Tennessee hopes to help businesses and workers struggling in the wake of the COVID-19 virus spread, with increased personnel to handle a surge in jobless claims and announcement of disaster loan assistance for small businesses.

Gov. Bill Lee announced Friday small businesses and nonprofit organizations suffering economic injury due to the COVID-19 virus could apply for up to $2 million to meet financial obligations and operating expenses during the ongoing pandemic. 

“I applaud the efforts of the [U.S. Small Business Administration] in swiftly processing and approving Tennessee’s request for economic injury disaster loan assistance,” Lee said in a statement. “Small businesses and nonprofits across the state are suffering greatly in the wake of this pandemic, and these loans will help overcome the temporary loss of revenue companies are experiencing during this difficult time.”

The loans are administered and processed by the SBA, and applicants may apply online at sba.gov/disaster. Applicants may also call SBA’s Customer Service Center at 800-659-2955 or email disastercustomerservice@sba.gov for more information.

Interest rates are 3.75% for small businesses and 2.75% for nonprofit organizations. The funds may be used to pay fixed debts, payroll, accounts payable or other bills. Terms can be up to a maximum of 30 years, determined on a case-by-case basis. 

More than 94% of Tennessee’s private sector businesses have 50 or fewer employees. This represents 151,000 businesses that employ more than 1 million Tennesseans. 

“We have been in contact with business and community leaders across the state who are concerned about the toll COVID-19 is placing on their businesses and workforce,” said Bob Rolfe, Tennessee commissioner of Economic and Community Development. “We are pleased to see that these loans will act as a source of relief for so many of Tennessee’s small businesses in the months ahead.”

The SBA also announced Monday it would defer existing disaster loan payments through the end of 2020. 


The Tennessee Department of Labor and Workforce Development announced last week it would devote more resources to processing an increasing number of unemployment claims in the state.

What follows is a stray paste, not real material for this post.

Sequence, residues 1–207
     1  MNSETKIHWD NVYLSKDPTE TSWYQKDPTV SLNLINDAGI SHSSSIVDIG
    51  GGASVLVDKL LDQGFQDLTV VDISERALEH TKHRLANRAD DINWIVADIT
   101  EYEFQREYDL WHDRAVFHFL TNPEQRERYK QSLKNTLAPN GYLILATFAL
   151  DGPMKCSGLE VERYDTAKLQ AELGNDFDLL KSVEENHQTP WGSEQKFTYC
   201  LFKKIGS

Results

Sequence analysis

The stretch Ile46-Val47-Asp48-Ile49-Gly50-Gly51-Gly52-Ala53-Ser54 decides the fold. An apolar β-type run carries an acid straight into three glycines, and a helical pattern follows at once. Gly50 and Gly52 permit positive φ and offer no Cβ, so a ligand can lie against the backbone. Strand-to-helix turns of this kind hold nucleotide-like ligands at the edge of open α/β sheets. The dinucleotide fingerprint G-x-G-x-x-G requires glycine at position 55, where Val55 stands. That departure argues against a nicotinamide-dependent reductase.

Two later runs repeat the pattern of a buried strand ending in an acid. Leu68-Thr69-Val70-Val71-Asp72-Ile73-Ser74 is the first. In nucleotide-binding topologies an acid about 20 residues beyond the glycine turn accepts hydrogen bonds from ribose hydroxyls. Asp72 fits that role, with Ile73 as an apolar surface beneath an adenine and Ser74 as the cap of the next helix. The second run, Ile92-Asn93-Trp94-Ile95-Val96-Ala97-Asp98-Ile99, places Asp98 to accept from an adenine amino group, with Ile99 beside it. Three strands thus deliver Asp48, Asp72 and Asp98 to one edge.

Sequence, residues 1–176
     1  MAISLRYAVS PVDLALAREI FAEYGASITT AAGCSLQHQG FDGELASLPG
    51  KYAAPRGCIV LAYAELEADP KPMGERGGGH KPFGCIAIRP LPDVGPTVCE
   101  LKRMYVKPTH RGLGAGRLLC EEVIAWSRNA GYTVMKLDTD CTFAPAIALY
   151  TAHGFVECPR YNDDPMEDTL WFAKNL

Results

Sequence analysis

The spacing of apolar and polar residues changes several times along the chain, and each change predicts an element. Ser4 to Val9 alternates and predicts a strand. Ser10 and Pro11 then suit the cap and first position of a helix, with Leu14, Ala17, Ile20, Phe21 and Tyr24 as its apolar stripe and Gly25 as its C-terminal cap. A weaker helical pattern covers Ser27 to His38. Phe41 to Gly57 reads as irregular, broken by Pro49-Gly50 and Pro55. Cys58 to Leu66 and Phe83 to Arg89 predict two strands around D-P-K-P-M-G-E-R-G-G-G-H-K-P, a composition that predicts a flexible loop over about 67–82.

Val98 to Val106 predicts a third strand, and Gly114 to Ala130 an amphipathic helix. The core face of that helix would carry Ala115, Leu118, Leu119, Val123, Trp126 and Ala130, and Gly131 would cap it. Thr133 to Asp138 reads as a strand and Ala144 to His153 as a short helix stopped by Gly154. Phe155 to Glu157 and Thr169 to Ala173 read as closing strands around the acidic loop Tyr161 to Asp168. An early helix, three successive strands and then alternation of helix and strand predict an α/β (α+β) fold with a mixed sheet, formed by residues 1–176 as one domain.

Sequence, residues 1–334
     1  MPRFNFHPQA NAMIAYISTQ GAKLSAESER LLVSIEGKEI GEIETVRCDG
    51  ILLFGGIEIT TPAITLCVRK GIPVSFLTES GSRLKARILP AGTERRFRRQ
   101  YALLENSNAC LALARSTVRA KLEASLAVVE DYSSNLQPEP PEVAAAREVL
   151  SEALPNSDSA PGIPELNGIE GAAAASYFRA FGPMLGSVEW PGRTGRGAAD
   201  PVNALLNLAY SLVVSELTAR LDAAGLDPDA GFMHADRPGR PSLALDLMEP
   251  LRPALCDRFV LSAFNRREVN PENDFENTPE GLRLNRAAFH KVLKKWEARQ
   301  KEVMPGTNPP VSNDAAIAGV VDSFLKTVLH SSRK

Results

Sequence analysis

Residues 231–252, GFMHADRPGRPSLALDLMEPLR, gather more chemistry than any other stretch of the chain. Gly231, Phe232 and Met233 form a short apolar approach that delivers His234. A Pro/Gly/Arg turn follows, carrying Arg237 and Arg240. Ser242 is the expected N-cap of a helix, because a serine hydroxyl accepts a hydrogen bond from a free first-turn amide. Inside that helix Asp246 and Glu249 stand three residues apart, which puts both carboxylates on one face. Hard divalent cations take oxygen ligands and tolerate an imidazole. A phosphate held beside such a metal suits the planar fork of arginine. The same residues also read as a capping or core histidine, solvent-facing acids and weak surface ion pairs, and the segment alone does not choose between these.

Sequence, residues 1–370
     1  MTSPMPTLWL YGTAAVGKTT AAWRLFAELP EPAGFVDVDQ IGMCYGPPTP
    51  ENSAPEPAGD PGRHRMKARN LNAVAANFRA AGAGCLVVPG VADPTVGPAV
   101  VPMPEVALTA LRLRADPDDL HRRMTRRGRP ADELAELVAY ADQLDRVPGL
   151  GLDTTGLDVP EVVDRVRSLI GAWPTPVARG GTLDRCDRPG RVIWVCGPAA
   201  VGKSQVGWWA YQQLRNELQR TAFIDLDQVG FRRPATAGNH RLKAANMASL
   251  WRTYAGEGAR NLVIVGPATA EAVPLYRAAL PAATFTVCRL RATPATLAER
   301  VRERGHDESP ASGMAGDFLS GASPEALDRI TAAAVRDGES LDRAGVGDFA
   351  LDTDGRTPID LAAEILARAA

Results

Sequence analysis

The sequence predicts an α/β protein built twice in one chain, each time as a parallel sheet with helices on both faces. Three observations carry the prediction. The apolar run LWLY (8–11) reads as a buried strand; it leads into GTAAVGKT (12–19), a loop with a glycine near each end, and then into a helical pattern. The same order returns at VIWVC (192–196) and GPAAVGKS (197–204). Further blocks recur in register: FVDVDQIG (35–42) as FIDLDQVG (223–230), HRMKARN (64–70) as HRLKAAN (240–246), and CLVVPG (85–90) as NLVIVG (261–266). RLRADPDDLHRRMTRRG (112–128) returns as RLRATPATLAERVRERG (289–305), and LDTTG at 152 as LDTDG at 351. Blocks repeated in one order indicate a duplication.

“As a department, we are shifting resources to align with our greatest need,” said TDLWD Commissioner Jeff McCord. “The changes we are making will go a long way in keeping up with the demand created.”

The Chattanooga Times Free Press reported last week the state saw more than 6,000 new unemployment claims between March 8-17, compared to 2,000 claims from March 1-8.

American Job Centers have extended their customer service hours from 7 a.m. to 7 p.m. Monday through Friday, but centers are offering only limited access to the public at this time, conducting most business via phone and the internet.

The majority of employees processing claims will be able to work from home.

The department has also provided updated information for employers and workers at www.tn.gov/workforce to provide easy access to frequently asked questions. Employers can find information on how to complete lists from mass layoffs, which help the department process unemployment claims faster. 

Employees can learn more about benefits and apple for unemployment benefits at www.Jobs4TN.gov. 

Benefits depend on several factors and eligibility. The maximum weekly unemployment benefit in Tennessee is $275, and the benefits are subject to federal taxes.